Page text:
(1) 1 John 1:5 - 2:28, God is light without darkness; consequently, to have fellowship with Him necessitates walking in the light. Confession and consequent forgiveness of sins, through Christ's propitiation for the world and advocacy for believers, are a necessary preliminary; a further step is positive keeping God's commandments, the sum of which is love as contrasted with hatred, the sum of disobedience. According to their several stages of spiritual growth, children, fathers, young men, as respectively forgiven, knowing the Father, and having overcome the wicked one, John exhorts them not to love the world, which is incompatible with the indwelling of the Father's love. This anointing love dwelling in us, and our continuing to abide in the Son and in the Father, is the antidote against the antichristian teachers in the world, who are of the world, not of the church, and therefore have gone out from it.
(2) 1 John 2:29 - 5:5 handles the opening thesis: "He is righteous," therefore "every one that doeth righteousness is born of Him." Sonship involves present self purification, first because we desire now to be like Him, "even as He is pure," secondly because we hope hereafter to be perfectly like Him, our sonship now hidden shall be manifested, and we shall be made like Him when He shall be manifested (answering to Paul's Colossians 3), for our then "seeing him as He is" involves transfiguration into His likeness (compare 2Co 3:18; Php 3:21). In contrast, the children of the devil hate; the children of God love. Love assures of acceptance with God for ourselves and our prayers, accompanied as they are with obedience to His commandment to "believe on Jesus Christ, and love one another"; the seal is "the Spirit given us" (1Jo 3:24). In contrast (as in the first division), denial of Christ and adherence to the world characterize the false spirits (1Jo 4:1-6). The essential feature of sonship or birth of God is unslavish love to God, because God first loved us and gave His Son to die for us (1Jo 4:18-19), and consequent love to the brethren as being God's sons like ourselves, and so victory over the world through belief in Jesus as the Son of God (1Jo 5:4-5).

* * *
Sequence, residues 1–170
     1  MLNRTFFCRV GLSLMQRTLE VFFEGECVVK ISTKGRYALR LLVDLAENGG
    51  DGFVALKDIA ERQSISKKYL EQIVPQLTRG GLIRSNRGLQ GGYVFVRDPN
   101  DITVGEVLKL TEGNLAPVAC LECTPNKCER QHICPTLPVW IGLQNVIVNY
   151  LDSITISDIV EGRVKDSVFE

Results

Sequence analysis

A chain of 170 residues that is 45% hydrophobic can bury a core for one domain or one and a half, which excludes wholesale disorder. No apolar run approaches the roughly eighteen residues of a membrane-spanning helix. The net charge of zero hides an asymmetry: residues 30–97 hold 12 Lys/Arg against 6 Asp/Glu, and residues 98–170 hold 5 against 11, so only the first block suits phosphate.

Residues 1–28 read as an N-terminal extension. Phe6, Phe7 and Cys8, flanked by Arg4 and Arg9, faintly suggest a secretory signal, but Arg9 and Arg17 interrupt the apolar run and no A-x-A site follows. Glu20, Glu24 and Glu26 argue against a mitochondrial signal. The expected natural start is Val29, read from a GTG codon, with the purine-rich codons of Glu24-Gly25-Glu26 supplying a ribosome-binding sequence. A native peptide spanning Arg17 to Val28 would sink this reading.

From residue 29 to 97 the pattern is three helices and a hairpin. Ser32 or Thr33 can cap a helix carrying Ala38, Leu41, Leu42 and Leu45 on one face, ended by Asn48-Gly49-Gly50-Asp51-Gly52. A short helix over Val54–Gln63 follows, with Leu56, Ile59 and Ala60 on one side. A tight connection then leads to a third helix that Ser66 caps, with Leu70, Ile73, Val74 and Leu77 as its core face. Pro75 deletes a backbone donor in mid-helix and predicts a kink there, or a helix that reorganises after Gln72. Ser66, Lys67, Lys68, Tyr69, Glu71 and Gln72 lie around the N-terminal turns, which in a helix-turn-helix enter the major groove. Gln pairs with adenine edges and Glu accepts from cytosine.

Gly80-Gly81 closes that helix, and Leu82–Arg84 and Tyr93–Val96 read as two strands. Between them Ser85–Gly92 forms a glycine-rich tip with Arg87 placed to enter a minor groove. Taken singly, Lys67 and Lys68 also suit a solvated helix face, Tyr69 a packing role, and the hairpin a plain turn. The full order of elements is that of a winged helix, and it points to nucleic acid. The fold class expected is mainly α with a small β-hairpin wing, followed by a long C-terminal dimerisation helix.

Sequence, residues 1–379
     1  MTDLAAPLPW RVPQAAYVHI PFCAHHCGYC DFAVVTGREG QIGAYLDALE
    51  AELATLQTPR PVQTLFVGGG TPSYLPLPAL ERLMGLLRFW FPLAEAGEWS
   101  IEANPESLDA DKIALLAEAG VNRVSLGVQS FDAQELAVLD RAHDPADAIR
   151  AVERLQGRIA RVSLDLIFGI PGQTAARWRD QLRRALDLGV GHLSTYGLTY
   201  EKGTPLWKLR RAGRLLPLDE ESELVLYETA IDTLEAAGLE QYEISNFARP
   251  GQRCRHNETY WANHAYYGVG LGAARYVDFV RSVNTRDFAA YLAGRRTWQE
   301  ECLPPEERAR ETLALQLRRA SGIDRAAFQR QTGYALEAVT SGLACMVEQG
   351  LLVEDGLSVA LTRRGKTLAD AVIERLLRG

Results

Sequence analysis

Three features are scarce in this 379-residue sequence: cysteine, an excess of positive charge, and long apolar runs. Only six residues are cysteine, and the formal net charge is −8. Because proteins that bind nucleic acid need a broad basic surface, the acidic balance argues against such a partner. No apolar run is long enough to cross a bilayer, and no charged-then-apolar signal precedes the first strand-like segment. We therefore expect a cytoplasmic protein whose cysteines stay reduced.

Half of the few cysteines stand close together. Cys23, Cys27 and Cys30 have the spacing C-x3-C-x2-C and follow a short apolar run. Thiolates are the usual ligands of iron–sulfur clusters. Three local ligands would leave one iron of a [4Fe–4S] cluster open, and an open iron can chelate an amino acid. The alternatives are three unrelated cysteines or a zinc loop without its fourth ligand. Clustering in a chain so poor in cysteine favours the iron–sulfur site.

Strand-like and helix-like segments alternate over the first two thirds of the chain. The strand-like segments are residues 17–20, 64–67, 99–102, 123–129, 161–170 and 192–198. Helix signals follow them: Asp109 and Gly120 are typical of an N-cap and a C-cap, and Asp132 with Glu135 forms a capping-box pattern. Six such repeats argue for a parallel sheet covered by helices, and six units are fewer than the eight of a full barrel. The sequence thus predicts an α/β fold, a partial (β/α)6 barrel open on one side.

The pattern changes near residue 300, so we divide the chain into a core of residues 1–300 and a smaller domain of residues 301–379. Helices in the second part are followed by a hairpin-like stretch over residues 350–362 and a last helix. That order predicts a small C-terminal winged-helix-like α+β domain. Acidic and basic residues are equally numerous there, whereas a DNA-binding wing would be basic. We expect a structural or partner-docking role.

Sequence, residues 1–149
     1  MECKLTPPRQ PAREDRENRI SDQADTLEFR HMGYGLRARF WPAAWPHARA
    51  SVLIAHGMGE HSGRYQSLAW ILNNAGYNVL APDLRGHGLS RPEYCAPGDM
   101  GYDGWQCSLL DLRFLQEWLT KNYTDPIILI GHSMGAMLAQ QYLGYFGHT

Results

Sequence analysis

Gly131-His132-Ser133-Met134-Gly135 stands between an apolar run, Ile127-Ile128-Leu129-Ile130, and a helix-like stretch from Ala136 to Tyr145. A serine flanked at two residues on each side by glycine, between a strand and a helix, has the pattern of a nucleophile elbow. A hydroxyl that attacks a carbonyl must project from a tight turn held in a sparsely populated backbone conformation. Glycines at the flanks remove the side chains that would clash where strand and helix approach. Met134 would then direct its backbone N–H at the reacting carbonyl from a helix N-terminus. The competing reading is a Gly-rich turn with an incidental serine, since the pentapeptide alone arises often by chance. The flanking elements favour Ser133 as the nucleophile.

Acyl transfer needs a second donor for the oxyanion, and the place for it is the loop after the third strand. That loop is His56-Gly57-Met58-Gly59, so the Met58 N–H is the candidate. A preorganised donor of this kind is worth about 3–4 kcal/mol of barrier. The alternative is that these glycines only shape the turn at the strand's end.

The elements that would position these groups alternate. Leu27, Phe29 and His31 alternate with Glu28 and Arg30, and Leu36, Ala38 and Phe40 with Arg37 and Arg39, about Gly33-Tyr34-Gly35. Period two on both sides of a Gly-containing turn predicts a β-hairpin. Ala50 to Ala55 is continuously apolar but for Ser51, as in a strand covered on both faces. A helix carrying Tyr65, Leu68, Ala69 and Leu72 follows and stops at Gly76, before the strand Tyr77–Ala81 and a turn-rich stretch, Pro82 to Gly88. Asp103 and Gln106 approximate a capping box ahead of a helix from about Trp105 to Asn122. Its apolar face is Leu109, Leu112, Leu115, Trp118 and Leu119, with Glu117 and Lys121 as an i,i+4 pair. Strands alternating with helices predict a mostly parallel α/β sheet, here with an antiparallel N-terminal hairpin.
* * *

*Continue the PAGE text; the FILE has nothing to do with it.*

(3) 1Jo 5:6-21. Finally, the truth on which our fellowship with God rests is, Christ came by water in His baptism, the blood of atonement, and the witnessing Spirit which is truth, which correspond to our baptism with water and the Spirit, and our receiving the atonement by His blood and the witness of His Spirit. In the opening he rested this truth on his apostolic witness of the eye, the ear, and the touch; so at the close on God's witness, which the believer accepts, and by rejecting which the unbeliever makes God a liar. He adds his reason for writing (1Jo 5:13), corresponding to 1Jo 1:4 at the beginning, namely, that "believers may know they have (already) eternal life," the spring of "joy" (compare Joh 20:31), and so may have "confidence" in their prayers being answered (1Jo 5:14-15; compare 1Jo 3:22 in the second part), e.g. their intercessions for a brother sinning, provided his sin be not unto death (1Jo 5:16). He sums up with stating our knowledge of Him that is true, through His gift, our being in Him by virtue of being in His Son Jesus Christ; being "born of God" we keep ourselves so that the wicked one toucheth us not, in contrast to the world lying in the wicked one; therefore still, "little children, keep yourselves from idols" literal and spiritual.
STYLE. Aphorism and repetition of his own phrases abound. The affectionate hortatory tone, and the Hebraistic form which delights in parallelism of clauses (as contrasted with Paul's logical Grecian style), and his own simplicity of spirit dwelling fondly on the one grand theme, produce this repetition of fundamental truths again and again, enlarged, applied, and condensed by turns. Contemplative rather than argumentative, he dwells on the inner rather than the outer Christian life. The thoughts do not move forward by progressive steps, as in Paul, but in circles round one central thought, viewed now under the positive now under the negative aspect. His Lord's contrasted phrases in the Gospel John adopts in his epistles, "flesh," "spirit," "light," "darkness," "life," "death," "abide in Him"; "fellowship with the Father and Son, and with one another" is a phrase not in the Gospel, but in Acts and Paul's e